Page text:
Dallas’ gay communities, from hairy to the big-haired, raise money for charity with calendars
When you talk about a gift that keeps on giving — throughout the year — nothing fits the bill better than a wall calendar: 12 months (sometimes more!) of art that’s actually useful, too. Savvy shoppers can choose the perfect fit for folks on their list: Kittens or sports teams or mountain ranges or cartoons.
That’s how Giovanni A. Ramirez and Tom Rubeck settled on the theme for their calendar. A few years ago, as Ramirez was leaving high school and exploring his sexuality, he was searching for a community to belong to.
“I was looking for a spot to be in,” he says. “That’s when I discovered the Dallas Eagle. It was a little intimidating and I felt a little out of my element because I was much younger than most of these grown men. But they said, ‘You look a little nervous,’” and made him feel at home.
Still, Ramirez initially eschewed being labeled a bear himself.
“Me being [in my early 20s], I was in no rush to be classified as something. [I thought], to fit into the bear category, you have to have these features. But being a bear had nothing to do with size. One thing about the bear community: It doesn’t matter your shape, size, color or background; they will welcome you. Not everyone was fit and not everyone was hairy, though a majority had facial hair. But it was a sense of community [I enjoyed]. It doesn’t phase me one bit to be called a cub now,” he says.
In fact, he embraced it so much that when Rubeck approached him about modeling, Ramirez got an idea: Turn one vanity photoshoot into something bigger, and give the proceeds to charity.
“I thought it would be really fun, to be doing something different not just with myself but with my friends,” Ramirez says. The result is Boyish to Bearish, which launched in September.
Rubeck, a hobbyist photographer and videographer for 20-plus years, saw Ramirez on a social media website and asked him to pose. “He said, ‘I’ve always wanted to do a calendar with my friends.’ I said, ‘Cool — let’s do it for charity.’”
From February to April of this year, they shot a series of sessions with friends of Ramirez’s and others tracked down via Facebook. The original idea was to have 12 to 16 models, each with a birthday in their month. “But of the original models, seven all had birthdays in July!” Ramirez says. Instead, the calendar advanced from cubbiest to most ursine.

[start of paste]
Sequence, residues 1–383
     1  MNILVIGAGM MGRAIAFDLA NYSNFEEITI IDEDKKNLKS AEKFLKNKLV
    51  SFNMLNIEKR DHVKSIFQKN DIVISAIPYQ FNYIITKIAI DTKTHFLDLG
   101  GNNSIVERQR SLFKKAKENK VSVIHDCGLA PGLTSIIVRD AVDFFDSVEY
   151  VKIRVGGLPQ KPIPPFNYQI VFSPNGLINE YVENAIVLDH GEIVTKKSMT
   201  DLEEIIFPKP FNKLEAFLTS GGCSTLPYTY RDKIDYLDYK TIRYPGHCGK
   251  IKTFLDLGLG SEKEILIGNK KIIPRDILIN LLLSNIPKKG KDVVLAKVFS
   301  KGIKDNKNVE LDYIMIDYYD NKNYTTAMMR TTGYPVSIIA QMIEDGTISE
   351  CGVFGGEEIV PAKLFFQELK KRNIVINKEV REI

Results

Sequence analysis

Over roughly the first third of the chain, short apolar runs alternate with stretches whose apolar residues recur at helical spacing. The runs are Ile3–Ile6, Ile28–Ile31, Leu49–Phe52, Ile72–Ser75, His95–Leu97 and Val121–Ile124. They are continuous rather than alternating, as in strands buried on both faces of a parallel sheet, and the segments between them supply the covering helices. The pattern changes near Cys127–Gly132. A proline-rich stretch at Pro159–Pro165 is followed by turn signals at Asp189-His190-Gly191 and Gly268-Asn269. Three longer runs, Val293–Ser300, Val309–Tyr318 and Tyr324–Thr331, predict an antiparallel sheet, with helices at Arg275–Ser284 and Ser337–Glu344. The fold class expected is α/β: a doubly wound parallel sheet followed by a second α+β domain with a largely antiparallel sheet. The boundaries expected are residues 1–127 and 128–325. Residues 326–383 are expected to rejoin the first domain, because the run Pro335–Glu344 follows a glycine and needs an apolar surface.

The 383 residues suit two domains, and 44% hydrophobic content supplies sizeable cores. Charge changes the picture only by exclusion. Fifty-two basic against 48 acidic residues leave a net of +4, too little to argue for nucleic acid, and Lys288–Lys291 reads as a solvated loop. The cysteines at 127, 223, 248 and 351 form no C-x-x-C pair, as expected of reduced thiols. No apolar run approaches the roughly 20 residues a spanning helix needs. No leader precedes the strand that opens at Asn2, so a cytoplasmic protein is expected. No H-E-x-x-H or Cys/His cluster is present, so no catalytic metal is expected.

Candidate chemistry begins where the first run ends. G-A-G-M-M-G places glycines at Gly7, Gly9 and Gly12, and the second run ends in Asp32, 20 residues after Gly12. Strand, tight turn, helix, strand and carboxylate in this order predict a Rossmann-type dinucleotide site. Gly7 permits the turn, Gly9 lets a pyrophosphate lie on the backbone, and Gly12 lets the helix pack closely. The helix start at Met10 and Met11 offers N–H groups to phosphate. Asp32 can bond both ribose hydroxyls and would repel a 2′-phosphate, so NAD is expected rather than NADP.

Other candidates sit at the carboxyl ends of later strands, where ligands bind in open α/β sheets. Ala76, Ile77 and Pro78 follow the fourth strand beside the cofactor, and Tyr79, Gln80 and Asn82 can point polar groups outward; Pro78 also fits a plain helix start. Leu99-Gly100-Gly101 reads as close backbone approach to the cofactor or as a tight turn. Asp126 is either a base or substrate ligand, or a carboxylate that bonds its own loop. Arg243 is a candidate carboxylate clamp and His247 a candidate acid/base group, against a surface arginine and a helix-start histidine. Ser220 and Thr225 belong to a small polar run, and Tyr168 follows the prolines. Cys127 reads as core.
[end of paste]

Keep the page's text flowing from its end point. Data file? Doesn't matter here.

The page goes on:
“We played with the name — originally the title was Bearishly Dallas. We obviously didn’t want to get the bear community incorrect,” Ramirez says. The current title reflects the scope of sexy, bearish men — from thin young otters to grey wolves. Just doing the calendar exposed them to interesting subsets of the gay world.
“There was some terminology I have never heard before, like she-hulks [hyper-masculine men who sound very feminine when they talk] to gingers [redheads],” he says.
If the sales are good enough, Ramirez and Rubeck might make the calendar a regular thing, especially if they can donate a sizeable bit to Home for the Holidays Texas, a charity that provides funds to those living with AIDS to visit their families during the holidays.
“It’s basically a way to give back to the Dallas community,” Ramirez says.
For the folks at DIVA — the Dallas Independent Volleyball Association — a calendar sounded like a good idea, too … only they didn’t want bears. They wanted babes.
Well, sort of.
DIVA has just released its first-ever calendar, the 2013 Miss DIVA Charity calendar, which contains drag divas from the sports organization’s history of fundraising.
“For about 10 years now, the Miss DIVA Pageant has donated the proceeds [from its drag fundraiser] to the AIDS food pantry,” says Bud Polston, public relations officer for the group. “This year’s Miss DIVA, Sophie Pilla, is having a calendar developed with the help of several former Miss DIVAs and some guys who play in our league.”
The group launched the calendar just last week, but it will be on sale for the rest of the year. Proceeds from sales will benefit the food pantry, an especially appropriate gift during the holidays.
This article appeared in the Dallas Voice print edition November 16, 2012.